I graduated from law school, I earned my doctorate in law, and also did post-doctoral graduate work in law, then more graduate work in anthropology, so I know enough about unlawful, uncivilized behavior to recognize it when I see it. In my case, I refused to get off United flight 311 because I knew the carrier had the responsibility to get my power wheel chair to me. I was willing to let them drag me off the plane, but I wouldn’t start the screaming until I was in front of a bunch of people with cameras to video it.

Leonard French, who goes by “Your Favorite Copyright Attorney” on YouTube combed through United’s contract of carriage document and found no language giving United the right to remove a boarded passenger from one of their aircrafts for “overbooking.” Any airline with common sense would have simply offered incentives to get people to take a different flight, like upping the ante.

Isiah Friedlander replied to one of Leonard French’s vlogs on the subject, saying, “If I was in that plane I would beat the Hell out of those “security guards” just for fun and pleasure, don’t care if I would go to jail, it would be worth it, and I would feel so f**king proud of myself.”

Other people have remarked the police officers should be given the axe, and not in the figurative sense.
When my spouse, Marco, was in an overbooked situation flying to Milano, I gave him a quick primer over the phone how to negotiate his own incentive with Delta when other confirmed fliers wanted his seat. I can’t discuss the booty for legal reasons, but let’s just say the denied boarding “compensation” was more than the “legal” limit most people are talking about on television. It was enough to pay for almost all of our week for two people at Sandals Resort Emerald Bay. It was real money, it wasn’t food stamps or coupons of any kind.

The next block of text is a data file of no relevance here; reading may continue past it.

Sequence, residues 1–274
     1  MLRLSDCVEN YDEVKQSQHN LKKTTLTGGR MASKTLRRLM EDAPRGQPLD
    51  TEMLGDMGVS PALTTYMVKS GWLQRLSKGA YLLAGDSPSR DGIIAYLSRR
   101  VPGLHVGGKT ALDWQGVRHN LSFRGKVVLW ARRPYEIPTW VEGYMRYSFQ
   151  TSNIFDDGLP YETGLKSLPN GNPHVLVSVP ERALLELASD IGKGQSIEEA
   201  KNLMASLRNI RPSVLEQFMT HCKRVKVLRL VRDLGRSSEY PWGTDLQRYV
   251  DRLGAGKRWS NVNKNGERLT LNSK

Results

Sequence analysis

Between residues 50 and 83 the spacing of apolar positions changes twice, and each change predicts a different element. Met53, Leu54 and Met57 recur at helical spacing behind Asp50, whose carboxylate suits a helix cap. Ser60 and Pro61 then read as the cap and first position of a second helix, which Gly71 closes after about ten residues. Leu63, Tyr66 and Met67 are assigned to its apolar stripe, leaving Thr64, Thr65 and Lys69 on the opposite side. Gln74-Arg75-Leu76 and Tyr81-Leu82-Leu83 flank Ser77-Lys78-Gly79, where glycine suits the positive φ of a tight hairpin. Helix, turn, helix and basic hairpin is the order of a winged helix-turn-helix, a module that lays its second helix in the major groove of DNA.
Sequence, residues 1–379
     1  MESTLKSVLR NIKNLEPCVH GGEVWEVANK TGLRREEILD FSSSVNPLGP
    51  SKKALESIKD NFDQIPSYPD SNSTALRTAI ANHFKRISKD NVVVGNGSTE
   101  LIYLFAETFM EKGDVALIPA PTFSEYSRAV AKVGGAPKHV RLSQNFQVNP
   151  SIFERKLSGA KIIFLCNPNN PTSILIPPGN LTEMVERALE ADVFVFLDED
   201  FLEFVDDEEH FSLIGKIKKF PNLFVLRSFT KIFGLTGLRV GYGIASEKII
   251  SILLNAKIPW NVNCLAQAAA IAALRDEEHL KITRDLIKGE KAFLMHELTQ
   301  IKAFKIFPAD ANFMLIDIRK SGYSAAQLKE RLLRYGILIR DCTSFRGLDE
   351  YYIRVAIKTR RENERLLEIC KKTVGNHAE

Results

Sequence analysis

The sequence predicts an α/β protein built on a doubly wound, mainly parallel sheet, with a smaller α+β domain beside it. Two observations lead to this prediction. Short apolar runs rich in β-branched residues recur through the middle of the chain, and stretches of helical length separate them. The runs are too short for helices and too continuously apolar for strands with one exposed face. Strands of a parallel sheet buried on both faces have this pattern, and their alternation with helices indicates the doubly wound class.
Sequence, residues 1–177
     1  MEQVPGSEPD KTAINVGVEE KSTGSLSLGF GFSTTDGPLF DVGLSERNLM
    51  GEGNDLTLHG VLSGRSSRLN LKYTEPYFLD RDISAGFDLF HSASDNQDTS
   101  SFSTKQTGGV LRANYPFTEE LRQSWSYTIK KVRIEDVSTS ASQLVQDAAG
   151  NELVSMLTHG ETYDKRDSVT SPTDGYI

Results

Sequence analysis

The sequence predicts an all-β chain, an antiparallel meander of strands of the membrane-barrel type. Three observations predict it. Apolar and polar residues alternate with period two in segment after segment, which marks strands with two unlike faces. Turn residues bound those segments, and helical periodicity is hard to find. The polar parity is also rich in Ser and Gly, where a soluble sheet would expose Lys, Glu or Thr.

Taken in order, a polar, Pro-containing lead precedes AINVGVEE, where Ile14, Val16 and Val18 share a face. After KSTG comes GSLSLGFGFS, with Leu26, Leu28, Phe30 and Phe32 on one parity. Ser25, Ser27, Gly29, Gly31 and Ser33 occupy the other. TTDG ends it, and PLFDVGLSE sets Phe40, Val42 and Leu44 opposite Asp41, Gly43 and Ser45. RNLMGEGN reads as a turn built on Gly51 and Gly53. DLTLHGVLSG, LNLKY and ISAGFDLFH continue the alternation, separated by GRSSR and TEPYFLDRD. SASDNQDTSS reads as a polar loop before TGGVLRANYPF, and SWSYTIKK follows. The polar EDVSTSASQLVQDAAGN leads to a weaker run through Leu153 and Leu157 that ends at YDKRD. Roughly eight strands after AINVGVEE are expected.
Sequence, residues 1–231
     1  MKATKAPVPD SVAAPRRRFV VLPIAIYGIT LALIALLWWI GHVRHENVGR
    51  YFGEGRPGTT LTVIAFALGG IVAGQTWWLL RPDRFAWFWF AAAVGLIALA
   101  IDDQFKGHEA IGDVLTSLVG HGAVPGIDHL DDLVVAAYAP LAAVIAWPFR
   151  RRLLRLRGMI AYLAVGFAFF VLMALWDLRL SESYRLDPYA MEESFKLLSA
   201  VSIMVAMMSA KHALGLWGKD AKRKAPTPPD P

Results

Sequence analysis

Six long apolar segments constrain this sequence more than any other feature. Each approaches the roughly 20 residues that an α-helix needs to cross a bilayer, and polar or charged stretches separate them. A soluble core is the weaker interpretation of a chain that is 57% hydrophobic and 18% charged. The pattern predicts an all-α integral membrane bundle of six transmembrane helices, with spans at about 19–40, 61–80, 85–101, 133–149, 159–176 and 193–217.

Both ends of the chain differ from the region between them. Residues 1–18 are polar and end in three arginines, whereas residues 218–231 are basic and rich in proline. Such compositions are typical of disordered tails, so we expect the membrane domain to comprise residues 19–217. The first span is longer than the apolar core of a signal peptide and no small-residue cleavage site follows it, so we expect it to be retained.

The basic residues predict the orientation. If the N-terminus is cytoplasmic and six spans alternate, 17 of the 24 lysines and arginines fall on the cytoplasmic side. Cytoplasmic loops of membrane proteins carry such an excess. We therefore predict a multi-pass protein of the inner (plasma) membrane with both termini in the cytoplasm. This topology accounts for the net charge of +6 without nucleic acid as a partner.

There is a lot of talk that Dr. Dao should sue United. I don’t think a lawsuit is the best answer. If United gives him a million dollars, they will pass that bill on to customers and everyone else will pay for it, while CEO Oscar Muñoz gets massages and rides in a Mercedes-Benz to parties. United should be treated like a five-year-old child; they need a time out. Specifically, I’m saying the D.O.T. should revoke United’s privileges of flying from Chicago to Louisville for six months or a year, allowing other carriers with better management to serve the public between those markets. By “other carriers” I’m not necessarily referring to the big three, I’m advocating for open skies. The big three are too powerful, and they need real competition. Air Canada could easily fly this route if congress changed the laws to allow open skies. Scandinavian Airlines are far too civilized to beat up passengers. I would rather fly Lufthansa from Detroit to Hawaii if congress would allow it.

Refusing to obey thugs with badges after you have been legally boarded is best met by letting them drag you off the plane in front of cameras. The big three are developing mob-boss mentality when it comes to operating their flights, and they need to be punished with loss of privileges, not fines they can easily pass on to the public. Allowing safe carriers like Lufthansa, SAS, and Qantas to operate domestic flights would teach the big three that bad behavior has consequences.